Featured in EZWay Magazine’s Winter 2020 Issue
By Kendra Muecke
How has social media impacted the way my mind interacts with its environment? I pose this question to myself, as I look down, noticing that I am in the midst of opening the Instagram app on my phone. It’s become a mode of autopilot. I find myself simply opening up the app to have it sit idle there, peeking up at me from the right-side corner of my desk. I’m attracted to the blue light, the connection, the knowing that other people are out there living their lives too. I live vicariously through their posts, as they do live vicariously through me. Bobbing back and forth, what are we looking for? Observation? Validation? Customers? Fans? Commiseration? A like for a like? True relationships?
So, it begs to ask the question, does this constant flow of social information create a cultural bond between my fellows and I? Does it create a shared knowing that I, too, am a person who likes to be ‘liked’? And for that, what are we sharing in? The cliché of scratching one’s back, so they can scratch mine, comes to mind. Yet, there is more… For, in a day and age where I know exactly where each of my ‘friends’ are, and for how long they are there, and what they are wearing, and who they are with — my mind, my psyche starts to project a piece of me into that reality they have posted about. For all intents and purposes, I am in Miami, FL enjoying Art Basel from right here at Priscilla’s Coffee Shop in Burbank, CA.
It’s a bit mind-melding — that social media has become a very large form of our association with one another. It’s how we interact as an extension of our community. We may meet in person, but how we really get to know one another is online then maybe again in person to establish a personal bond beyond the confines of technology. It’s like when everyone got a phone in their house; I could talk with you in public about the weather, but when I got home to my respective house and you to your’s, then I could really drop you the juicy details. The barrier of a landline could arguably make me feel more open, because you were now a part of my home-life. That’s how I feel social media has opened our interactions. I see updates about my ‘friends’ from my computer at home or from my phone on the go; people I may have never really known before are now important to my news-feed. Thus, they are important to me too.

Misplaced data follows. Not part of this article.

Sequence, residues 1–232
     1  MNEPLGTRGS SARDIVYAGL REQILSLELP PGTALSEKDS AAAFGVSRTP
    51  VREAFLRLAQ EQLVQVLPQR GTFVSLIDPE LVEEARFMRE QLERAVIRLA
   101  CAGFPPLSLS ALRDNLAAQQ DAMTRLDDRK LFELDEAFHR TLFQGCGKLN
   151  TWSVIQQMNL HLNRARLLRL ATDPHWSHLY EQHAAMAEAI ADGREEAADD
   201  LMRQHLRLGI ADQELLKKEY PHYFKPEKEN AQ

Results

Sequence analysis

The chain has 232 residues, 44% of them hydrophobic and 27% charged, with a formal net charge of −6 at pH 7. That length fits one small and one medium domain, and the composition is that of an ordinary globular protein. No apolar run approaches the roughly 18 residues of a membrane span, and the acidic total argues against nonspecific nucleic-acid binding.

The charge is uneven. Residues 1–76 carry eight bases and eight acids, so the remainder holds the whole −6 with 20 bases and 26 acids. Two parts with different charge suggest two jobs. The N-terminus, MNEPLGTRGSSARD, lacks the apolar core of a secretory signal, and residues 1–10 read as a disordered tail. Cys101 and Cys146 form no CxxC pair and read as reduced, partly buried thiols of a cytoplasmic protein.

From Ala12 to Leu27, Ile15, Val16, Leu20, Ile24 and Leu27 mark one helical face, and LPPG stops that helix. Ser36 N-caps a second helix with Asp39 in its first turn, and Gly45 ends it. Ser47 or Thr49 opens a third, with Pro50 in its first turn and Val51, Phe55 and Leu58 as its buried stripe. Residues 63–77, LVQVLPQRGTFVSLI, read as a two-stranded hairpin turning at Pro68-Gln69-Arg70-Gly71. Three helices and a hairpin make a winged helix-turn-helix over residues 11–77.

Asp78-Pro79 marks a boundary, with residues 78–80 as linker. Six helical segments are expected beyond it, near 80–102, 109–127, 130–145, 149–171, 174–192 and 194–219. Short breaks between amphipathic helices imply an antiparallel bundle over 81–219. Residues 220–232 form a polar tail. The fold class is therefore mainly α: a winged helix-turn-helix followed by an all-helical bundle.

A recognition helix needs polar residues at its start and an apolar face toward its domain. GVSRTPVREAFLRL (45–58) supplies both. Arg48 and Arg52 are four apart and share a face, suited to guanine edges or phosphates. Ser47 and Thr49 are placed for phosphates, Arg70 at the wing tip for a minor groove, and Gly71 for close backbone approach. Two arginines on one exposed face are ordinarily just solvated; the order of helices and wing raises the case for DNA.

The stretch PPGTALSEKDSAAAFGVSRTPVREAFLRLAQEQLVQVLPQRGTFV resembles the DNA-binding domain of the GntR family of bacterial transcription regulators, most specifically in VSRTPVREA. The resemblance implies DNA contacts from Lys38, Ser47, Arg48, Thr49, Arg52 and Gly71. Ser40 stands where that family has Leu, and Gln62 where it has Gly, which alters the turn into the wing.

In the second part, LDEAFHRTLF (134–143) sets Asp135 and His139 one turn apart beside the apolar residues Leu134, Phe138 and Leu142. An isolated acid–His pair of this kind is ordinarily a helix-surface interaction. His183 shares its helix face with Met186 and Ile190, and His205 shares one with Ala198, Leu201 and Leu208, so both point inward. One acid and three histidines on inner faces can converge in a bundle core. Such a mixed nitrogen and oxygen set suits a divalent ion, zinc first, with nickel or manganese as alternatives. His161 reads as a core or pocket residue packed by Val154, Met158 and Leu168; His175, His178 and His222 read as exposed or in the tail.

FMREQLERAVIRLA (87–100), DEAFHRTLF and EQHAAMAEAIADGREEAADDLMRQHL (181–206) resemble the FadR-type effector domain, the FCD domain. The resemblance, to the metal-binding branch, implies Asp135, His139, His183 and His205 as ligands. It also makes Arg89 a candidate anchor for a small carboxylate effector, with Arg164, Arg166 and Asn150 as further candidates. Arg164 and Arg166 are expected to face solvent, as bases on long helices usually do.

It makes sense, we used to just catch up with one another at family reunions or monthly PTA meetings, but now, we do so on our Facebook walls. ‘Tammy has checked-in to Indonesia.’ ‘Ricardo created a new work-out playlist.’ ‘Amanda was promoted in-house and got a raise.’ I share in those victories that my friends post about on their social media profile. I find I have become emotionally invested in their day to day experience, and I am thankful when they do the same for me. From my perspective, the expansion of social interaction due to technological advancement and social media has brought us all closer together. Even through political rants and an exponential amount of selfies, I am still happy to know what you had for dinner and that your youngest made honor-roll.
Kendra Muecke is a singer/songwriter, writer, poet, actress, healer, & published author based in Los Angeles, CA. Kendra performs as a musician under the stage name “Kendra & the Bunnies”. She has released two albums, published two books, and graduated with a BFA in Theatre Arts from Pepperdine University in 2015. She also studied in the Independent Artist Program at the Musicians Institute in 2019. She is currently writing her third book and recording her third album. She performs as “Kendra & the Bunnies” nationally.
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